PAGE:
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This is an archive of AGU's GeoSpace blog through 1 July 2020. New content about AGU research can be found on Eos and the AGU newsroom.

You are browsing the archive for Geophysical Research Letters.

1 July 2020

How to design continents for maximum tides

A new study simulates ocean tides on imaginary Earth-like worlds, revealing the limits of topography’s influence on tidal energy

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17 June 2020

Utah’s arches continue to whisper their secrets

Seismic studies assess the stresses and health of iconic rock structures.

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4 June 2020

Hydrologists show environmental damage from fog reduction is observable from outer space

A new paper presents the first clear evidence that the relationship between fog levels and vegetation status is measurable using remote sensing. The discovery opens up the potential to easily and rapidly assess fog’s impact on ecological health across large land masses — as compared to painstaking ground-level observation.

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18 May 2020

How climate killed corals

New study shows multiple factors joined forces to devastate the Great Barrier Reef in 2016.

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12 May 2020

New evidence of watery plumes on Jupiter’s moon Europa

Scientists are keen to explore beneath Europa’s thick blanket of ice, and they can do so indirectly by hunting for evidence of activity emanating from below. A new study published in the AGU journal Geophysical Research Letters, did exactly this.

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16 April 2020

Dust devils may roam hydrocarbon dunes on Saturn’s moon Titan

Smoggy, with a chance of dust devils: conditions at the surface of Saturn’s moon Titan may spawn convective whirlwinds By Liza Lester Meteorological conditions on Saturn’s large moon Titan, the strange, distant world that may be the most Earth-like in the solar system, appear conducive to the formation of dust devils, according to new research in AGU’s journal Geophysical Research Letters. If true, these dry whirlwinds may be primary movers …

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9 April 2020

Greenland Ice Sheet meltwater can flow in winter, too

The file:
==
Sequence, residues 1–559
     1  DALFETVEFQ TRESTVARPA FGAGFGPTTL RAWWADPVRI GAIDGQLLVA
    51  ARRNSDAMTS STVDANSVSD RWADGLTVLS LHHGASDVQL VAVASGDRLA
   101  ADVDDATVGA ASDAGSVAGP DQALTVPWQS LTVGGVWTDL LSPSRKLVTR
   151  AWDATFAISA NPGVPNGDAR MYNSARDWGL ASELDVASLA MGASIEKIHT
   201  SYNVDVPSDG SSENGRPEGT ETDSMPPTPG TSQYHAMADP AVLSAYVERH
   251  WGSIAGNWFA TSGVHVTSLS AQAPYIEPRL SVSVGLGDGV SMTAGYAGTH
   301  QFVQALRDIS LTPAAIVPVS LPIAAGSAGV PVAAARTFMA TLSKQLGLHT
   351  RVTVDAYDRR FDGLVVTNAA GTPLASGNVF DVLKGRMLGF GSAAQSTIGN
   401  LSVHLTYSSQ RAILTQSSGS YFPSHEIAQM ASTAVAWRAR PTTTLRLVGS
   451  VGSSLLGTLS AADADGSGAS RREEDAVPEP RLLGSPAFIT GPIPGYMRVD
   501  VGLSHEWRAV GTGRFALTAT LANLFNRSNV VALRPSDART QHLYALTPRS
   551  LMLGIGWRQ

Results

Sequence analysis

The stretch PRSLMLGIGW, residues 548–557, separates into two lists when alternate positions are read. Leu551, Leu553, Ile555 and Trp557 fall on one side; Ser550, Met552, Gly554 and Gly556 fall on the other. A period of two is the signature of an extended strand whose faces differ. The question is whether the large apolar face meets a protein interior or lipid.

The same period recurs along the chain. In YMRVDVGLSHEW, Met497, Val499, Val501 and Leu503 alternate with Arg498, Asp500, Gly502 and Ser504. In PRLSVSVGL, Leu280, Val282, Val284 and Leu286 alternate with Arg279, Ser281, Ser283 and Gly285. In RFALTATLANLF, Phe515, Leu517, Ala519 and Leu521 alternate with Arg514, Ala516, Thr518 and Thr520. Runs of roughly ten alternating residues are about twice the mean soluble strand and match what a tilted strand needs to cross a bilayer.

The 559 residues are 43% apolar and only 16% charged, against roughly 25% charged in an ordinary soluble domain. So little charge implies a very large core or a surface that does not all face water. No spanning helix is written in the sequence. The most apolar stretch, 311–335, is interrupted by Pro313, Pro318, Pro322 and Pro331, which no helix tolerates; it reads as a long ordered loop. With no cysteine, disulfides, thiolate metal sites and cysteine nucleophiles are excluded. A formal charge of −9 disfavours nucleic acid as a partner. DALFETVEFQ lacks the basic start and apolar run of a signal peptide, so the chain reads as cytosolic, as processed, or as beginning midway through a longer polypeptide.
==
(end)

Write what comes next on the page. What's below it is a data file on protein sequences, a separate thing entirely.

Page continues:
New findings published in Geophysical Research Letters underscore need for year-round investigations of Arctic hydrology.

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7 April 2020

Scientists propose explanation for night sky glow of STEVE

Researchers have just published a theory of what powers the celestial phenomenon known as STEVE, the aurora-like glow amateur sky-watchers brought to scientists’ attention in 2016. Scientists first thought STEVE was a new kind of aurora, but previous research shows its light is not produced the same way. Researchers are still unsure of what generates STEVE’s light, but a group of space physicists now suspect STEVE lights up when fast-flowing rivers of plasma jumpstart certain chemical reactions high in the atmosphere.

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11 March 2020

Small climate change effects can be the most obvious

Researchers looked at how climate change has already changed temperatures and rainfall patterns worldwide to the point that they would be unfamiliar to people living at the end of the 19th century. Crucially, they then examined how these changes compared with climate fluctuations already experienced in different regions of the globe.

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10 March 2020

Major Greenland glacier collapse 90 years ago linked to climate change

Ninety years ago there were no satellites to detect changes in Greenland’s coastal glaciers, but a new study combining historical photos with evidence from ocean sediments suggests climate change was already at work in the 1930s and led to a major collapse of the one of Greenland’s largest coastal glaciers.

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